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Re: Harder, faster, better distilling for higher ranks Reply to this Post
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I agree that Distilling needs more high-end differentiation.

Idea: At low skill levels, you get 80% white, 10% black, 10% grey.

At high skill levels, you get 20% white, 40% black, 40% grey
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Vurogj

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I agree that Distilling needs more high-end differentiation.

Idea: At low skill levels, you get 80% white, 10% black, 10% grey.

At high skill levels, you get 20% white, 40% black, 40% grey


Wouldn't that lead to less differentiation? Helpin' the lower skilled and nerfin' the higher will jes' push everyone towards the middle. Fer more high-end differentiation (Shur will bite me if I don't say it was his idea, so IT WAS SHUR'S IDEA) the number of columns goin' up needs to be high enough that a perfect game isn't possible. 15 or 16 to go up maybe.
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Markoman

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I like distilling as it is. It's the only puzzle where, after a long session practicing, I feel like I've still improved my ability to play the puzzle.

That said:

Idea:

What makes a row of whites more difficult to make then a row of blacks? What makes a specific row of brown and white more difficult then a row of whites? Absolutely nothing whatsoever. It's all colors. So....

A distill "order" is displayed on the side. It's got some browns/whites, and there is now a move timer for when the furnace goes off. For beginners, it's one row. For moderate players, it's two, for experts it's three, and for piplicius, it's four.

Now, the goal is to actually make the order. Doing so fills up the score meter. You've only got a limited amount of moves to make the order. Once those moves are up, the whole board is sent up in one swoop.

Bonuses! Make extra combos of said order. So, it'd be Yumm! Yumm!^2 Yumm!^3, etc.

If ye booch? Yucky black stuff get's sent up (or, if you made it part-way for higher combos, you'd get brown stuff)

I'd actually suggest making this into an ironmonger puzzle, now that I think about it.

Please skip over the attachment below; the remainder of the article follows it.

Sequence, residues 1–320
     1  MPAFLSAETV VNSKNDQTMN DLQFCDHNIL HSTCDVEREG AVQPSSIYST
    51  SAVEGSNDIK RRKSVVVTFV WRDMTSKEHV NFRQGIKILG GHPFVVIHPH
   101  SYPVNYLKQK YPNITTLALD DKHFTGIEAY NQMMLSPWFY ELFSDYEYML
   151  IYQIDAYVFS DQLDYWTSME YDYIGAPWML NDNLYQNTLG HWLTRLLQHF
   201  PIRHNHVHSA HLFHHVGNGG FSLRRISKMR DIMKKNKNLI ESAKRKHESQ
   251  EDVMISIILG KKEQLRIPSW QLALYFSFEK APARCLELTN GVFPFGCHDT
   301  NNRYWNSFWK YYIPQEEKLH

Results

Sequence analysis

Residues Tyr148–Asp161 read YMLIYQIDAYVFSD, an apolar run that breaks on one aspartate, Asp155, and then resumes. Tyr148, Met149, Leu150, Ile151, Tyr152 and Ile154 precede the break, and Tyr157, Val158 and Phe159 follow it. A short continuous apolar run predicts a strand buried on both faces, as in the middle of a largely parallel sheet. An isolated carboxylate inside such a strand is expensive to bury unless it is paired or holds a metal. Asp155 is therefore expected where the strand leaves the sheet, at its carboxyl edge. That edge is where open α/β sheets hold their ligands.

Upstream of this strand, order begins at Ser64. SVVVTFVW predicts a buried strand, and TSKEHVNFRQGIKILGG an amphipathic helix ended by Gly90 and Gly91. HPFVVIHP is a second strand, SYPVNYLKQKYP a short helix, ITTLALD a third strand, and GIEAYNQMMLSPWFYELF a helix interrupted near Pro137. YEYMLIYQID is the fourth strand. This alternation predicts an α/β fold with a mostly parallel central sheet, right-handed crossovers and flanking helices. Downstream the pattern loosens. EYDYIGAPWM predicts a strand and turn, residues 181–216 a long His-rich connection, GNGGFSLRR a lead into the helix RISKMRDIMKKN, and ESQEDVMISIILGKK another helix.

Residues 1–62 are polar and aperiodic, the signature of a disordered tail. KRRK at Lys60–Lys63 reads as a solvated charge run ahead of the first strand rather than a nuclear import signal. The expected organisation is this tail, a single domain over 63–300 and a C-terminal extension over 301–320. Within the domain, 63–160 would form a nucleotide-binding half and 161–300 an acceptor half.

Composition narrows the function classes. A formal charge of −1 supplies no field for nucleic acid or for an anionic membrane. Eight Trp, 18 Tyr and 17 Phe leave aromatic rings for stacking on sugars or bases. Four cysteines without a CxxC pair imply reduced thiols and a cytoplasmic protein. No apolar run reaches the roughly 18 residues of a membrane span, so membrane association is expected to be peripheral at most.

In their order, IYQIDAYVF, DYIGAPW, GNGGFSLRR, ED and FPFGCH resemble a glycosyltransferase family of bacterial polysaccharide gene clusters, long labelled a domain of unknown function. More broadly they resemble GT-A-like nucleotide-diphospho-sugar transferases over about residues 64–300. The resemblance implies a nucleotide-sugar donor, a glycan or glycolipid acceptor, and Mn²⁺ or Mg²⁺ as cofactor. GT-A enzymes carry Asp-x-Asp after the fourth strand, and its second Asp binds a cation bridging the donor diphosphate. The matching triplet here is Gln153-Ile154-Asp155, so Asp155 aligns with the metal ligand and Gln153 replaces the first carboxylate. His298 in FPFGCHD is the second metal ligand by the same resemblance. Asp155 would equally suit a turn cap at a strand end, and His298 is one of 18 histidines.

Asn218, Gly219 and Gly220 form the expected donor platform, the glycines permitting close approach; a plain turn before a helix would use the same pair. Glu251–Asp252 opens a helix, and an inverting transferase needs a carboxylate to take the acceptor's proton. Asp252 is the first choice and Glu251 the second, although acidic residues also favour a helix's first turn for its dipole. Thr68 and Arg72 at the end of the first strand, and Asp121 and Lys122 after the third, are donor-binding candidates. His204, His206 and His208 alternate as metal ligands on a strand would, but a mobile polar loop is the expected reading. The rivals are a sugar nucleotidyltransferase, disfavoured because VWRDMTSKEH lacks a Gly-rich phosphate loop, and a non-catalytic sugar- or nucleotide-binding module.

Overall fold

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[Edit 1 times, last edit by Markoman at Sep 9, 2005 8:45:32 PM]
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ruby_spoon

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Nemo wrote: 
I agree that Distilling needs more high-end differentiation. I don't think spice is the way to go about it. It's mostly random. More spice wouldn't be more fun, it would just be more annoying, and spice of varying qualities would just be a point slider on the random.

I'm very glad you agree on the premise, I guess that means I can look forward to some high-end differentiation in distilling at some point in the future!

I can see how you need to strike a balance between randomness, challengingness and annoyingness. What I forgot in my shipwrightery-gold analogy is that you can control the population of gold in your board very directly, whereas in distilling you have no ability to move or eliminate the spice at all. Similarly in sailing, I find the high population of square blocks in higher level sailing annoying, but they are again more controllable than spice. So I guess I see the problem, although spice can still be (and perhaps already is) rarer at lower levels of distilling.

My biggest grumble, I guess, is the paucity of strategy when spice is ignored in the great race to push all whites to the left, rather than any lack of high-end differentiation. If the value and penalty of existing spice could be cranked up a notch, to the point where expert distillers will need to think twice before pushing all the white past a group of three spices, then I'd be a lot happier.

Nemo wrote: 
The long long ago original thought for a high-level Distilling addition was linking pieces.

Heh, I did remember some cryptic comment about something being added for higher level distilling long ago - I guess that was what was being alluded too. That's also something I considered when making my suggestions (well, I was thinking of a gigantic spice that takes up four circles of space), but I discounted it as being too code-intensive for the reward.

Nemo wrote: 
The increased speed is interesting, but I think the other way around might be better. Don't increase the speed unliterally for a rank, but just factor speed into the score. So, you can still puzzle at the maximum speed that suits you personally, but that speed affects your rank.

That sounds perfect! If anything, the furnace speed could then be turned down a notch to make the game less frustrating in the early stages of learning.